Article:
Aspartame Consumer Safety Network
P.O. Box 2001
Frisco, Texas 75034 U.S.
Phone/FAX: 214.387.4001



This is an excerpt from nutritionist, Ann Louise Gittleman's book, Your Body Knows Best.....

"What about Sugar Substitutes? Since we know that sugar will elevate insulin levels, creating the risk of obesity, diabetes, and heart disease, what about artificial sweeteners?

I remember well the story of Jan Smith, from Idea Today (September, 1991) who at 35 taught bench and low-impact aerobics and circuit training. She also drank a lot of diet soda sweetened with NutraSweet and  ate a
lot of sugar-free foods, also containing NutraSweet. Although she seemed to be fine, Jan suddenly began gaining weight, topping out at 30 pounds above her usual weight.

She began losing her hair, her skin broke out, and she suffered from headaches, heart palpitations, and mood swings severe enough to be suicidal. Her cholesterol sharply increased and she developed ear and
vision problems, shooting pains in her limbs and problems with her menstrual cycle.  Jan worked out even harder to try to combat the weight gain, but then her blood pressure shot up.

Doctors finally diagnosed Graves' disease and told her she had to have her thyroid removed or she would die.
Fortunately, Jan had a background in environmental science. She began to investigate, and discovered her body
lacked chromium, an essential mineral that aspartame (also known as Equal and NutraSweet) removes from the body. She linked her symptoms, including--surprisingly--her sudden weight gain, to the use of diet foods laced with NutraSweet that she had begun using in earnest about 18 months earlier.

Within a month of quitting the NutraSweet and all the products it was found in, Jan's symptoms (and the extra weight) disappeared. Many people, in an attempt to avoid sugar, use sugar substitutes. Aspartame (known as NutraSweet and Equal) is an ingredient in more than 3,000 foods, including diet sodas and diet foods like sugar-free yogurt and powdered drink mixes. Toothpaste, sugar-free gum, pudding, packaged desserts, dietetic foods, sweets for diabetics, and just about any product you can think of that used to have sugar in it now may have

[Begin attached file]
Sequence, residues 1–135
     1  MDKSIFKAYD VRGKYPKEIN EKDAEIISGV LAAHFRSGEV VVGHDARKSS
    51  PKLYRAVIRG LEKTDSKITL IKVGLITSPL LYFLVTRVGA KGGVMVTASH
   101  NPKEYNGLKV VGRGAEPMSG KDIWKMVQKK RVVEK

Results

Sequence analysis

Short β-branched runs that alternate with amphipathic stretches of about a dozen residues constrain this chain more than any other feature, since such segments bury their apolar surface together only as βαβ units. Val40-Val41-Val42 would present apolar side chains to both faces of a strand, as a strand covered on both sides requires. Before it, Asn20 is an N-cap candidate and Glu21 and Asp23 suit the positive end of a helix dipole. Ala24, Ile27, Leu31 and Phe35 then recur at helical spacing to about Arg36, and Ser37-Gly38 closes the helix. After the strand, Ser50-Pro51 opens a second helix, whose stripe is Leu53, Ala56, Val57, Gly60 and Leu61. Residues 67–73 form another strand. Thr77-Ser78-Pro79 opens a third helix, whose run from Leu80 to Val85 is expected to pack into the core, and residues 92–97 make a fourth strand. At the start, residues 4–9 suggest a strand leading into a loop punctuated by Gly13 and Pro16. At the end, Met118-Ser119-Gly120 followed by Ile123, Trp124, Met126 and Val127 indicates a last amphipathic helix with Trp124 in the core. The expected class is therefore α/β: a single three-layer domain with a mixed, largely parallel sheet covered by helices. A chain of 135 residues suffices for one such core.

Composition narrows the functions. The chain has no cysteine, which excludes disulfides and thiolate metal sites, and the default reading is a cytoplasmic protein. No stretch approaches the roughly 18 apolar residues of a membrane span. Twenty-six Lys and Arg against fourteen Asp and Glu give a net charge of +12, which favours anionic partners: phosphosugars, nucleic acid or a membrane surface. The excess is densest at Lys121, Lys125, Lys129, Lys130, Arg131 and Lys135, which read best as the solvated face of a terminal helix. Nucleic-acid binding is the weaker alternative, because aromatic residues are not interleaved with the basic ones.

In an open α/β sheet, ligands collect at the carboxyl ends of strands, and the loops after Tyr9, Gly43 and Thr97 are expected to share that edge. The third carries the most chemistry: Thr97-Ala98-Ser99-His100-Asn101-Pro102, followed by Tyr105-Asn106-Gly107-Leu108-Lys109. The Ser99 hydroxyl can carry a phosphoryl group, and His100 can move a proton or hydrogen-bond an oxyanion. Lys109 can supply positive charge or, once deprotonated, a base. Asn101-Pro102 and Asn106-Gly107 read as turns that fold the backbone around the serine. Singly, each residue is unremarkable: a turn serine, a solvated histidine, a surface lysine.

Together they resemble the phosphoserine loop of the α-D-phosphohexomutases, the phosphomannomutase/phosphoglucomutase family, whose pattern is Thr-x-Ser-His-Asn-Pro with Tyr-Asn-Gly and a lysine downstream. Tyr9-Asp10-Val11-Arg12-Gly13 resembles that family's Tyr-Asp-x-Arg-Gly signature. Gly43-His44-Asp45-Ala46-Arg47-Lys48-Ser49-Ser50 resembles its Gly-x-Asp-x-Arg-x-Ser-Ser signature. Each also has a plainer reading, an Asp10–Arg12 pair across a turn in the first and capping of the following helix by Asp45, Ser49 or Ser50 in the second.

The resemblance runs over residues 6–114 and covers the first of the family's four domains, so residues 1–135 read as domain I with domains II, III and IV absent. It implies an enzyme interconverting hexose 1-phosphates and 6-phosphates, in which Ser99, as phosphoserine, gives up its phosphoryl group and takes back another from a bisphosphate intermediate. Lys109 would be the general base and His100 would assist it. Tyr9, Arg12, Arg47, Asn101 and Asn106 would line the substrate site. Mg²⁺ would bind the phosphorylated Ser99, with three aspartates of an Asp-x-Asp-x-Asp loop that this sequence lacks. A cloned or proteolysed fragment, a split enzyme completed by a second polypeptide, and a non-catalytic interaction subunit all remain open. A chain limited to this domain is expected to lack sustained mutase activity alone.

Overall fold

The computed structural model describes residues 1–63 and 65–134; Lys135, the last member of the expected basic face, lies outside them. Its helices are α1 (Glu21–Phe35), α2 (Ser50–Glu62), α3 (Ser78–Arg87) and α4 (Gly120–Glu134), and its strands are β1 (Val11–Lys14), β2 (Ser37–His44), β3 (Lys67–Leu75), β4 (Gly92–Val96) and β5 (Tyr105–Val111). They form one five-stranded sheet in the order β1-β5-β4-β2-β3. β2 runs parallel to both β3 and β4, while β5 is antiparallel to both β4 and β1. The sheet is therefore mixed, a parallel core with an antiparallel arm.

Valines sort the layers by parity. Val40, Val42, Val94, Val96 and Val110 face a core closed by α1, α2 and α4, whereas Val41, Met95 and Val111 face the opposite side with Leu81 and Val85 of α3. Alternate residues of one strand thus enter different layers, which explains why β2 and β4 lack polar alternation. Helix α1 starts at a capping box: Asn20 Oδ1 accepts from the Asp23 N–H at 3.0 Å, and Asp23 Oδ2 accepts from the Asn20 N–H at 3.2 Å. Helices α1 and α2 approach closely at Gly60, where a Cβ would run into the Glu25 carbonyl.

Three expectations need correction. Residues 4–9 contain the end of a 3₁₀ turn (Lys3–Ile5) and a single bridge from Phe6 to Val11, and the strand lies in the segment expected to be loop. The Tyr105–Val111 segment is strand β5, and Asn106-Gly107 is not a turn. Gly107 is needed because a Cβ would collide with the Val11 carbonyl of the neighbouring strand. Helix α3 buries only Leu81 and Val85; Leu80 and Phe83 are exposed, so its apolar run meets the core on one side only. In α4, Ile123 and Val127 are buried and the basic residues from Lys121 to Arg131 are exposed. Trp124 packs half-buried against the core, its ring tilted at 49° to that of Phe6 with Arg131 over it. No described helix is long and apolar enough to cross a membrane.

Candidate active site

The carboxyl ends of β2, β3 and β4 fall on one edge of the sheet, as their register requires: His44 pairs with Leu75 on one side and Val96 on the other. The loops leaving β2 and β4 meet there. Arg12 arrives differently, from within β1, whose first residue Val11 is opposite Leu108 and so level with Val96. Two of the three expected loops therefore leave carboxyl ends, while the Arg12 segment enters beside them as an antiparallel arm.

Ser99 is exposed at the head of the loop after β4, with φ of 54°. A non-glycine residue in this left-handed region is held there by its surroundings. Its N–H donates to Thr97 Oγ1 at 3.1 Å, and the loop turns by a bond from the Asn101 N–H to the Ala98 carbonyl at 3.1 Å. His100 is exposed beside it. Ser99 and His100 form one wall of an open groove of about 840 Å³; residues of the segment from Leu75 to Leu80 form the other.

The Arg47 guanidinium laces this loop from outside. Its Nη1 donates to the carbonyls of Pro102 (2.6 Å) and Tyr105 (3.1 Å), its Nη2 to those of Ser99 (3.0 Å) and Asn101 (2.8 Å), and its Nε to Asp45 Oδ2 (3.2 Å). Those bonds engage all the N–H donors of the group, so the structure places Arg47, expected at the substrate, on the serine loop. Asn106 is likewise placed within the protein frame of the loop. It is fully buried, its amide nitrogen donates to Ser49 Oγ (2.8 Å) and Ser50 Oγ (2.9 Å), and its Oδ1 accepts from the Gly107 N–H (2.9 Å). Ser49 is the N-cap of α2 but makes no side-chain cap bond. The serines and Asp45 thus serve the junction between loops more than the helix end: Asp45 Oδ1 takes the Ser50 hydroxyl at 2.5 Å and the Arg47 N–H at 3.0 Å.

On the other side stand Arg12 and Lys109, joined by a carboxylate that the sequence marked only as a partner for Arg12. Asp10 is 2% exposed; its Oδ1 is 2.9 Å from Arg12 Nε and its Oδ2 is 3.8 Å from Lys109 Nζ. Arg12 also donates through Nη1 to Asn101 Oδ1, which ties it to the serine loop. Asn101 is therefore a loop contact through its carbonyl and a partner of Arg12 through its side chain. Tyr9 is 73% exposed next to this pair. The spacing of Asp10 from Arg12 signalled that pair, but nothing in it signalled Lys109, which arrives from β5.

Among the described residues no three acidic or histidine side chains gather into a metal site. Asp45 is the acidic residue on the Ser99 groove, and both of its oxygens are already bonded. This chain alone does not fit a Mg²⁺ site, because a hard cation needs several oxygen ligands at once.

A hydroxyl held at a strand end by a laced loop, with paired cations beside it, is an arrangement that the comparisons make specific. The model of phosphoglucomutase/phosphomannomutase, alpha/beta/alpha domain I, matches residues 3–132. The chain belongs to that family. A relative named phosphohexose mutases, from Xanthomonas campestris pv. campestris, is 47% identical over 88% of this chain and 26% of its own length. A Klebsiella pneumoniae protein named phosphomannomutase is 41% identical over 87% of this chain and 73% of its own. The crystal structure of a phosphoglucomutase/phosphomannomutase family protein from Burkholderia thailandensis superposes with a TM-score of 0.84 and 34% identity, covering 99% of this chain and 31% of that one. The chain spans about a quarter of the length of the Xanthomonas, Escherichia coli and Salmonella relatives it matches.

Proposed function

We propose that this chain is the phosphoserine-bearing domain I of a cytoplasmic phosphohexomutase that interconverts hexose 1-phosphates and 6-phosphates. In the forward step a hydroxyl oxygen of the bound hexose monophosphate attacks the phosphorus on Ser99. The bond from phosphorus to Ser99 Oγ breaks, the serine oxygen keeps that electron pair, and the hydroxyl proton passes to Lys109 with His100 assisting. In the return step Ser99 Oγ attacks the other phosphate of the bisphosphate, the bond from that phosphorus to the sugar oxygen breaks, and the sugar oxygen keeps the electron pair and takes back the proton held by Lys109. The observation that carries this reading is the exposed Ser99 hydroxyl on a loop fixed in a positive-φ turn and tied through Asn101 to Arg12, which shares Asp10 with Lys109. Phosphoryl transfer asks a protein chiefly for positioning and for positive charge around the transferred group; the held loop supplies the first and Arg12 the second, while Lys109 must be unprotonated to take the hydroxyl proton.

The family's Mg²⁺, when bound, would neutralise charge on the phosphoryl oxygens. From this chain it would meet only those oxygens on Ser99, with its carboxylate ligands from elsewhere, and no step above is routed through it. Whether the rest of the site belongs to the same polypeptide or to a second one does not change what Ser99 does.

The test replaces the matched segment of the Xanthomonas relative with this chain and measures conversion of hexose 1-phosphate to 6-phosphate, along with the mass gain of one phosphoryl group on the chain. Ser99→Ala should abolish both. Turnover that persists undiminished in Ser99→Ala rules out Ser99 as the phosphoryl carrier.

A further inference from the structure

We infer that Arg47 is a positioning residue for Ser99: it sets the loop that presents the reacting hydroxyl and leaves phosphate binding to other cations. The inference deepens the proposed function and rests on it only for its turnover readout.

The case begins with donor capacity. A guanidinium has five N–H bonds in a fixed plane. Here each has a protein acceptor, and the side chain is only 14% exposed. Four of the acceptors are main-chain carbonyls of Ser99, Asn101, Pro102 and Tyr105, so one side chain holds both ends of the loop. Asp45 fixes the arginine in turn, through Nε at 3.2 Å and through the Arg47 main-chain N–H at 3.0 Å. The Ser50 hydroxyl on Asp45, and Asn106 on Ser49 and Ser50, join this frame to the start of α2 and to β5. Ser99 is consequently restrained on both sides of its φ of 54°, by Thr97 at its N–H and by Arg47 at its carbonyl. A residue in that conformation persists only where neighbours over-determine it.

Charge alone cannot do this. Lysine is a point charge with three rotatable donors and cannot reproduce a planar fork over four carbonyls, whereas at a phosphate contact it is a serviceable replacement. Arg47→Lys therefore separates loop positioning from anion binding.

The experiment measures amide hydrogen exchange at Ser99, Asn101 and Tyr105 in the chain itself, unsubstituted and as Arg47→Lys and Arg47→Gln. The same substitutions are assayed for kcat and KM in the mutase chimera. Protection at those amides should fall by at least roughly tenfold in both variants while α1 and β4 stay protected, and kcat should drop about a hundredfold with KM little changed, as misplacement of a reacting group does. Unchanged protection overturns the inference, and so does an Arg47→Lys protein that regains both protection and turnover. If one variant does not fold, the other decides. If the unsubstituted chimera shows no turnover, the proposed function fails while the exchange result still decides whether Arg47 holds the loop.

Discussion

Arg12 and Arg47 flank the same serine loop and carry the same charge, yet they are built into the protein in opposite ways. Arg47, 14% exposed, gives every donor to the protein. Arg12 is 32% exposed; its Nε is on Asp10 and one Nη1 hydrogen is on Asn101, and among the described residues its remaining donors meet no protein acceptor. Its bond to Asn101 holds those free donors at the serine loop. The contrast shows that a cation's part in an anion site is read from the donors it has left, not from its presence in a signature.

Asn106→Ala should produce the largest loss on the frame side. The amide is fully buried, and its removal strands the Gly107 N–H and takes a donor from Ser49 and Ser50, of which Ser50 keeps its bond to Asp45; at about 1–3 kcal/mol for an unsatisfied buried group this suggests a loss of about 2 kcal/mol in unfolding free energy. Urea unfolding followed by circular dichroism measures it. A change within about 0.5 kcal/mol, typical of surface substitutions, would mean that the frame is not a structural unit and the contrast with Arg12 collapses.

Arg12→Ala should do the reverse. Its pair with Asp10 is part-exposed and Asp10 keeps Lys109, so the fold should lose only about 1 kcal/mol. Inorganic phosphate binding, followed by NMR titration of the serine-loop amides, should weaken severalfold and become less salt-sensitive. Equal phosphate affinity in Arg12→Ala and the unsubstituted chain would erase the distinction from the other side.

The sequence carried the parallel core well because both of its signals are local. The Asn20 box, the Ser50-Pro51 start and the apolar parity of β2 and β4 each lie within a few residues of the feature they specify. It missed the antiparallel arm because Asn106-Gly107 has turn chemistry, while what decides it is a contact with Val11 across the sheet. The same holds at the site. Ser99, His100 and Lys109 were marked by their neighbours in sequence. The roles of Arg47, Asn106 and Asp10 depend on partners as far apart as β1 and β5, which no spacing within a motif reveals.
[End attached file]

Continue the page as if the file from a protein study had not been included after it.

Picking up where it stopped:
aspartame instead.

Aspartame is a combination of three substances: the amino acid phenylalanine, aspartic acid, and methanol (wood alcohol). Each of these has been known to cause serious side effects.

Phenylalanine, for example, lowers or blocks production of serotonin, an amine that sends messages from the pineal gland in the brain. This blockage is a potential cause of carbohydrate cravings, PMS symptoms, insomnia, and mood swings.

In some circumstances, people may be getting excessively high levels of methanol; it is estimated that on a hot day after exercising, if you drink three 12 ounce cans of diet soda, you could easily be consuming as much as eight times the Environmental Protection Agency's recommended limits for methanol consumption. [Thus, 600 mg aspartame gives 66 mg methanol, which is 8.5 times the EPA daily limit for drinking water of 7.8 mg daily methanol.]

Exercise can be a component in the dangers of aspartame. Jan, who now avidly supports the Aspartame Consumer Safety Network (ACSN) in Dallas, Texas 214-387-4001, pointed out that aspartame and its by-products (including free-form wood alcohol) can race through the system of very fit person who has a high metabolic rate.

When you work out, the activity of all your body systems is intensified, and so are reactions to whatever is in the body at the time. Ironically, it seems that fitness instructors are particularly prone to drinking diet soda with NutraSweet in between classes, and so may be in the most danger.

Far from being the answer to the sugar problem, aspartame has instead spurred numerous complaints from unsuspecting consumers, which now represent 80 - 85 percent of all food complaints registered with the Food and Drug Administration. Among 93 different symptoms are attributed to aspartame use, including dizziness, headaches, loss of equilibrium, ear problems, hemorrhaging of the eyes, and visual impairment.

The dangers of artificial sweeteners have become so widespread that the Aspartame Consumer Safety Network now offers scientific information and acts as a clearinghouse of information on adverse reactions. Three
Senate hearings have been conducted on the safety of aspartame, and the Center for Science in the Public Interest (CSPI) in Washington, D.C., now lists it as the third-worst additive. Since you never know how much you could be ingesting, I suggest you completely avoid any foods with added NutraSweet or any other artificial sweetener."